"Perhaps the snow-crowned peaks of the Alps glistening in the moonlight remind Adolph Hitler of the glittering but cold, lonely heights of fame and achievement to which he has climbed. 'I am the loneliest man on earth' he said to an employee of his household. '"
Hysterics, however, are not discouraged by all this. On the contrary, they interpret their fears as proof of their own importance rather than as signs of their fundamental weakness. As Hitler's personal world becomes smaller he must extend the boundaries of his physical domains. Meanwhile, his image of himself must become evermore inflated in order to compensate for his deprivations and the maintenance of his repressions. He must build bigger and better buildings, bridges, stadia and what not, as tangible symbols of his power and greatness and then use these as evidence that he really is what he wants to believe he is.
There is, however, little gratification in all this. No matter what he achieves or what he does it is never sufficient to convince him that things are what they seem to be. He is always insecure and must bolster up his super-structure by new acquisitions and more defenses. But the more he gets and the higher he builds, the more he has to worry about and defend. He is caught in a vicious circle, like so many other hysterics, which grows bigger and bigger as time goes on but never brings them the sense of security they crave above everything else.
The reason for this is that they are barking up the wrong tree. The security they seek is not to be found in the outside world but in themselves. Had they conquered their own unsocial impulses, their real enemy, when they were young, they would not need to struggle with such subterfuges when they are mature. The dangers they fear in the world around them are only the shadows of the dangers they fear will creep up on them from within if they do not maintain a strict vigilance over their actions. Denying does not annihilate them. Like termites, they gnaw away at the foundation of the personality and the higher the super-structure is built, the shakier it becomes.
In most hysterics, these unsocisl impulses, which they regard as dangers, have been fairly successfully repressed. The individual feels himself to be despicable without being conscious of the whys and wherefores of this feeling. The origins of the feeling remain almost wholly unconscious or are camouflaged in such a way that they are not obvious to the individual himself. In Hitler's case, this is not so - at least not entirely. He has good cause for feeling despicable and he knows why. The repression in his case was not completely successful and some of the unsocial tendencies do from time to time assert themselves and demand satisfaction.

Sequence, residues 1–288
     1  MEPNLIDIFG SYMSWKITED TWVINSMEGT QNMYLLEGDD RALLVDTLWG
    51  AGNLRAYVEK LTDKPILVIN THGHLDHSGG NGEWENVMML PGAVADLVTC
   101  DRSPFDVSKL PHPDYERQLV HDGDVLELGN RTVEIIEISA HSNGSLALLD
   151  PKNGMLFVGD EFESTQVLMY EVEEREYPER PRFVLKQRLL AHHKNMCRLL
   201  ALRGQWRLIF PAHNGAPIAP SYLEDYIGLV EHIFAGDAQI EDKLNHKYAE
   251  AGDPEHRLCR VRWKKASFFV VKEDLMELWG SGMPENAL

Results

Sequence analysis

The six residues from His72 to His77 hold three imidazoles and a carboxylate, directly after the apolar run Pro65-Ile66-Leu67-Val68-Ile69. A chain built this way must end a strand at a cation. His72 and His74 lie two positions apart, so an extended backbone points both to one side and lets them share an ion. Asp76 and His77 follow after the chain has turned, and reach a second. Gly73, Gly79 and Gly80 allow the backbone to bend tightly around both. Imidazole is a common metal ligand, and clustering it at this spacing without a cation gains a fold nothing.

Hitler's sexual life has always been the topic of much speculation. As pointed out in the previous section, ZZZ of his closest associates are absolutely ignorant on this subject. This has led to conjectures of all sorts. Some believe that he is entirely immune from such impulses. Some believe that he is a chronic masturbator. Some believe that he derives his sexual pleasure through voyeurism. Many believe that he is completely impotent. Others, and these are perhaps in the majority, that he is homosexual. It is probably true that he is impotent but he is certainiy not homosexual in the ordinary sense of the term. His perversion has quite a different nature which few have guessed. He is an extreme masochist who derives sexual pleasure from having a woman squat over him while she uriniates or defecates on his face. (Strasser, 919; see also 931, 932)*
Although this perversion is not a common one, it is not unknown in clinical work, particularly in its incipient stages. The four collaborators on this study, in addition to Dr. De Saussure who learned of the perversion from other sources, have all had experience with cases of this type. All five agree that their information as given is probably true in view of their clinical experience and their knowledge of Hitler's character. In the following section further evidence of its validition will be cited. At the present moment it is sufficient to recognize the influence that this perversion must have on the conscious mental life of Hitler.
Unquestionably Hitler has suffered severe guilt reactions
*Note: There may be some people who would question the reliability of any information given by Otto Strasser because of his reputation. It is perhaps because of his reputation that he came by this information which had been so carefully guarded. He also supplied the interviewer with a great deal of other information concerning Hitler which checked very closely with that of other informants. As far as this study is concerned we have no reason to question his sincerity.
from his perverse tendencies. We can easily imagine interminable struggles with his conscience which incapacitated him to a considerable extent. Surely Hitler has externalized his own problem and its supposed solution when he writes:
"Only when the time comes when the race is no longer overshadowed by the consciousness of its own guilt, then it will find internal peace and external energy to cut down regardlessly and brutally the wild shoots, and to pull up the weeds."
The Nizkor Project
"We must be ruthless....We must regain our clear conscience as to ruthlessness.... Only thus shall we purge our people of their softness and sentimental Philistinism, and their degenerate delight in beer swilling."